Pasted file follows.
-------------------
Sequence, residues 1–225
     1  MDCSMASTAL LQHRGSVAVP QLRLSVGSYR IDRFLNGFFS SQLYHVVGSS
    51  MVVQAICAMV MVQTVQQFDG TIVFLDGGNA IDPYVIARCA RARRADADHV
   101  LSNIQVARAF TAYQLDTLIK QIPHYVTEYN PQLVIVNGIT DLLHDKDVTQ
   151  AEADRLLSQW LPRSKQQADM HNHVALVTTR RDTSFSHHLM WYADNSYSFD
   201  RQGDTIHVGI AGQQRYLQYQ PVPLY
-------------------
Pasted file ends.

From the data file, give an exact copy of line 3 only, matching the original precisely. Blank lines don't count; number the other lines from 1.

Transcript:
    51  MVVQAICAMV MVQTVQQFDG TIVFLDGGNA IDPYVIARCA RARRADADHV